“When I was young, I remember that we were encouraged to be in a group,” recalls Cheng, who describes her childhood as a thoroughly ordinary one. She remembers feeling pressure to conform to group dynamics, and that she was expected to prefer being with many people rather than being on her own. In reality, what she preferred — and still prefers — is quiet time spent with one good friend rather than larger, raucous gatherings. This is one of the many examples of how life as a child can often feel like being squeezed as a round peg into a square hole at a time when one should have the freedom to discover one’s own place and journey.
These ideas find themselves expressed in Cheng’s paintings, with repetitive marks, dashes, and what look like inverted smiles, all of which serve as patterned textures. In art therapy, repetitive marks and the act of copying are said to express the ways children observe and learn from one another, while figuring out when to distinguish themselves from their peers and investigate their own paths. But repetitive marks can also signify anguish and anxiety, an inability to break free from established (and maladaptive) patterns – something that one might also see in the seemingly blank expressions her subjects share with each other.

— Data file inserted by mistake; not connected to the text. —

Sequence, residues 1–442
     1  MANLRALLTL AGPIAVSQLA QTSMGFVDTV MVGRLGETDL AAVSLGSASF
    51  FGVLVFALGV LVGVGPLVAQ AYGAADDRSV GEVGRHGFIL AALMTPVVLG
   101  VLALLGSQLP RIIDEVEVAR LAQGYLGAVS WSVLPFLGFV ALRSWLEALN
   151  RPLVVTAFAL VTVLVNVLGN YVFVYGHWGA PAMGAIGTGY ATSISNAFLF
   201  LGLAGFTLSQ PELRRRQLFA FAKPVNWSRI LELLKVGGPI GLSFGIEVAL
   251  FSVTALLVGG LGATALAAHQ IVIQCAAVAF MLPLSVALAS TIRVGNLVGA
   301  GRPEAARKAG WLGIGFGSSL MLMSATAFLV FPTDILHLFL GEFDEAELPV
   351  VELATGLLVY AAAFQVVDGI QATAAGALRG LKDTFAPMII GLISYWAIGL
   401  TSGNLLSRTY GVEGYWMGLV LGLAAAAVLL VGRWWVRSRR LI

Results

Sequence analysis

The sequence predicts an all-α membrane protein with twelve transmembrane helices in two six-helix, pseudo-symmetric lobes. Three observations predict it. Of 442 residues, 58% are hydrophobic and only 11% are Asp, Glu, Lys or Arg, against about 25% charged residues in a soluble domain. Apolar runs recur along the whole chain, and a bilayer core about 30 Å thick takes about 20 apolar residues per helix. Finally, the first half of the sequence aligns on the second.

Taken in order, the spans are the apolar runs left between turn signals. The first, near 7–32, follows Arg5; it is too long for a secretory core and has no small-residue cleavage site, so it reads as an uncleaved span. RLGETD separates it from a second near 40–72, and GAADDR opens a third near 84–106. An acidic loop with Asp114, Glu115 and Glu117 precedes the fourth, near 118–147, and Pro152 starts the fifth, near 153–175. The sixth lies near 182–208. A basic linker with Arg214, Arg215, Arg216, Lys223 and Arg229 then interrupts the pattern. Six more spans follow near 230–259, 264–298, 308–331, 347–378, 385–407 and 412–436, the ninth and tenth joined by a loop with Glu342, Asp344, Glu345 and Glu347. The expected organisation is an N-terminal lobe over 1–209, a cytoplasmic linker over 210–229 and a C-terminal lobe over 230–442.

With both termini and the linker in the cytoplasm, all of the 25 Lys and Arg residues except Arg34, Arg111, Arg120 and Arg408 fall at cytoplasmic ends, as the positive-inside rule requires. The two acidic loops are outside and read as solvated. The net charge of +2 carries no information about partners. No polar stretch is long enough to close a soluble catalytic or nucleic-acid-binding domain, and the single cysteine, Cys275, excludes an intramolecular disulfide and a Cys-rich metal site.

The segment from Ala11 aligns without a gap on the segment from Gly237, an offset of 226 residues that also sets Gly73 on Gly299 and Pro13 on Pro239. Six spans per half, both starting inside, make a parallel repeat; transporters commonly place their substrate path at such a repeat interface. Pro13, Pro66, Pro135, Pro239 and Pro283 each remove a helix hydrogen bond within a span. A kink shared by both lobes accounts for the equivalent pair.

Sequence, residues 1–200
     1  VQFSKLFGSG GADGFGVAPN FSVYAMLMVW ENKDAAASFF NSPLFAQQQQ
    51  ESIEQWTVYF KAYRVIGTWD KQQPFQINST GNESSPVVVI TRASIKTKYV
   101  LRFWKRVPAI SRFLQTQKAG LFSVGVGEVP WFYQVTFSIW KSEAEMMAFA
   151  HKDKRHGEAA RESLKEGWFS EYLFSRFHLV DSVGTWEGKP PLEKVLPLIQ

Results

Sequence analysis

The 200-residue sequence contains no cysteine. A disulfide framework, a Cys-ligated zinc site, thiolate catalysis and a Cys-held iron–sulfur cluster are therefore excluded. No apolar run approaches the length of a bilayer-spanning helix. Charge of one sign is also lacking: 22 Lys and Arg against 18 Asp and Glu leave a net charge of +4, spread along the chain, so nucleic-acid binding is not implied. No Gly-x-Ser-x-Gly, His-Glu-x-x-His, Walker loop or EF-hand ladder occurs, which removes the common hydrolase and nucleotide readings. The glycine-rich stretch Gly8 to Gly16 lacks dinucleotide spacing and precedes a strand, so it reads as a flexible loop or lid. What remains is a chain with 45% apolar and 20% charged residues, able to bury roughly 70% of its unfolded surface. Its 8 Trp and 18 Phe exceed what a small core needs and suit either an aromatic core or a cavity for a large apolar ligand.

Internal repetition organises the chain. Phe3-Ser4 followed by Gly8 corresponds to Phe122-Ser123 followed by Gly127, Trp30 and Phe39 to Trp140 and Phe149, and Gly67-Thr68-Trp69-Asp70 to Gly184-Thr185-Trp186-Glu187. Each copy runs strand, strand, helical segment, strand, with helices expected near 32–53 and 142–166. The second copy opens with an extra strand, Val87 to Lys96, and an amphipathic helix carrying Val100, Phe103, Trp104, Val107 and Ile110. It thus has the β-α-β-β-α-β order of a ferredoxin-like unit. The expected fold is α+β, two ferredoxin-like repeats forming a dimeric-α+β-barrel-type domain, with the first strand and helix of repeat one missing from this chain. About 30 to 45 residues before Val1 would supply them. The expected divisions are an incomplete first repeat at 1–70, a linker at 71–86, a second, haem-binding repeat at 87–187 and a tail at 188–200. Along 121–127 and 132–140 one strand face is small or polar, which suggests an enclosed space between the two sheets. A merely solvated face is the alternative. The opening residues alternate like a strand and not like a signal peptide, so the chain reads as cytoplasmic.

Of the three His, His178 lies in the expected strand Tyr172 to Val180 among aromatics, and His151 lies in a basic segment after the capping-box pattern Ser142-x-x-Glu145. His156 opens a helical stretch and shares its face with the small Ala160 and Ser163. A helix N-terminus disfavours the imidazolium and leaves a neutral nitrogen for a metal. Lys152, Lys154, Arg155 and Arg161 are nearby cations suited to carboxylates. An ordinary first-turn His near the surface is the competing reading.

In the world of psychology, as in many disciplines, new keys continue to unlock doors we never thought possible to open. A major, post-Freud breakthrough was the recognition that in order to truly inhabit the world of another, one also had to be open to the possibility of re-encountering one’s own pain, and feeling one’s own long-forgotten childhood sorrows. This means truly listening to a child, feeling what they feel, and learning to live in that strange and disorientating space between us and them – the space that Cheng so movingly captures.
Presented by the K11 Art Foundation, Enfante runs till August 4, 2017 at Chi Art Space, 8/F, New World Tower 2, 18 Queen’s Road, Central. For more details, visit here